Recommended Treatment for ADHD

Although there is no cure for ADHD, there is a recommended treatment plan that requires parents, educators, and members of the medical profession to work cooperatively. This plan includes parent training in managing behavior, counseling, educational supports, and medication when needed.

The parent training component recognizes how important it is for parents to provide clear expectations for behavior, establish consistent rules, provide positive reinforcement when rules are followed, and provide immediate consequences when rules are broken.

The counseling portion of the treatment plan may include both individual and family counseling. Family counseling may be useful in planning and evaluating workable strategies, such as conflict resolution, and providing needed emotional support. Individual counseling for the ADHD child can provide training in social skills, anger control, and relaxation techniques.

A supportive educational program with regular home-school communication is also needed. An

Drugs such as Ritalin are sometimes administered to children diagnosed with ADHD in an effort to provide a decrease in impulsiveness, aggressiveness, hyperactivity, and inappropriate social interaction. (A/P Wide World Photos)

ADHD child benefits when teachers provide structure by clearly communicating expectations, rules, and consequences. The educational program may also include modifications and accommodations such as shortening assignments, allowing more time for work completion or tests, and limiting homework.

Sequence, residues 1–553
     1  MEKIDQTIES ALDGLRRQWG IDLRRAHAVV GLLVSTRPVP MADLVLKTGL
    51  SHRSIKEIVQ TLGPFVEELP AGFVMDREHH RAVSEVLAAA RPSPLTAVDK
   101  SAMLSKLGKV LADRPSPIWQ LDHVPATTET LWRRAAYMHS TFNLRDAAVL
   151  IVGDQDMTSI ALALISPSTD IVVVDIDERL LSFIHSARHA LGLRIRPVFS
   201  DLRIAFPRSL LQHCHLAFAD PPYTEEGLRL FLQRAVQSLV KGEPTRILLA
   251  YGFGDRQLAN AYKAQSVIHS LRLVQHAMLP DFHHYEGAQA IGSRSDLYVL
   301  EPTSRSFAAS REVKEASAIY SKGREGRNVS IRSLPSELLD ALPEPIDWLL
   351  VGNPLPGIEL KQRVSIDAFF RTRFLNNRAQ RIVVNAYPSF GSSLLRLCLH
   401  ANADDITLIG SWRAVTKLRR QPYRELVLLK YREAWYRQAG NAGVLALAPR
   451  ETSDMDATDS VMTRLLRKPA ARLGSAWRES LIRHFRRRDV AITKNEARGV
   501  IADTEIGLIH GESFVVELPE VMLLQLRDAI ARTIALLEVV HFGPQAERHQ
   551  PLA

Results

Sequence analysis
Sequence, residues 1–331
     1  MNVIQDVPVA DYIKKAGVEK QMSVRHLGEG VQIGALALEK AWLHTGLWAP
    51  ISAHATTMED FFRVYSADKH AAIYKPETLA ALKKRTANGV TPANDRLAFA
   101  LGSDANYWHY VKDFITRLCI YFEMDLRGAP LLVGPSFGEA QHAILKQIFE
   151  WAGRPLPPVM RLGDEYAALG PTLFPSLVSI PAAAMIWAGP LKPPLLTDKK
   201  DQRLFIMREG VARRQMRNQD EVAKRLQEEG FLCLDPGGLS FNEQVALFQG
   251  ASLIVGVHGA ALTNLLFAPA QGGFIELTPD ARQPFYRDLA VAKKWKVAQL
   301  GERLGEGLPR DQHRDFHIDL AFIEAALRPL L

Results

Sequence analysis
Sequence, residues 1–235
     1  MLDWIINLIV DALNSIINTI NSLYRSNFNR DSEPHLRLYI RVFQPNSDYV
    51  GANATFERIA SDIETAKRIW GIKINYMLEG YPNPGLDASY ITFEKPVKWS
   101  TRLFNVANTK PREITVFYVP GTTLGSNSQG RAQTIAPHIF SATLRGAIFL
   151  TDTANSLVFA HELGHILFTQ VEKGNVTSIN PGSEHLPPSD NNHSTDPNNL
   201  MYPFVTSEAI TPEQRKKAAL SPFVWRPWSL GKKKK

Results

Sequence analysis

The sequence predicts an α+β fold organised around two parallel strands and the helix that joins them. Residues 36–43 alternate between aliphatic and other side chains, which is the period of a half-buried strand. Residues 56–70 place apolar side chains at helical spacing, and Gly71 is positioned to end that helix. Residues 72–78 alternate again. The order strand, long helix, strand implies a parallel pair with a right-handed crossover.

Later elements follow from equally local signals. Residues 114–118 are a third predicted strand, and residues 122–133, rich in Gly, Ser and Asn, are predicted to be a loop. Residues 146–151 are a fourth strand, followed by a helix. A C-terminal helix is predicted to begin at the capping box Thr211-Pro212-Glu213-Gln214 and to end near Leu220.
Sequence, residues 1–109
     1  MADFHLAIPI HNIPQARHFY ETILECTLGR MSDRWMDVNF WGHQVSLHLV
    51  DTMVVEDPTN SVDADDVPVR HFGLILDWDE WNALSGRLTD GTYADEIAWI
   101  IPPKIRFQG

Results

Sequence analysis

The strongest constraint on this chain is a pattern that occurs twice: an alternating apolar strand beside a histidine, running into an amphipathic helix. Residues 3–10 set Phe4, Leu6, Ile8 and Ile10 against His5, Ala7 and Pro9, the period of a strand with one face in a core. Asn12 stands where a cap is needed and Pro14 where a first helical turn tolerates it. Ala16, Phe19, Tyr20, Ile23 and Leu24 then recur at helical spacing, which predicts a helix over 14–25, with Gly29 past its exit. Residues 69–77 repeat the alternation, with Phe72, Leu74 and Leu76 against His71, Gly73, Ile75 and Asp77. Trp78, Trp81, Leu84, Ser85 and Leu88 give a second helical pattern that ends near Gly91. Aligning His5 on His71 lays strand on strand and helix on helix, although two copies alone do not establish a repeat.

The most controversial part of the treatment plan is the decision regarding medication of children with ADHD. When medication is prescribed, it is intended to improve the symptoms of ADHD. The benefits of medication can include a decrease in impulsiveness, aggressiveness, hyperactivity, and inappropriate social interaction. There can also be an increase in the child's ability to concentrate, shut out distractions, and complete schoolwork and jobs at home. The use of medication is controversial, though. Many people believe that schools advocate the use of medication as a way to control unruly behavior in children who do not necessarily have ADHD. The primary reason, however, that parents oppose the use of medication is because of possible side effects. Some children experience weight loss, lose their appetite, or have difficulty falling asleep. Together, parents and doctors should consider the benefits and concerns when making a decision about medication.

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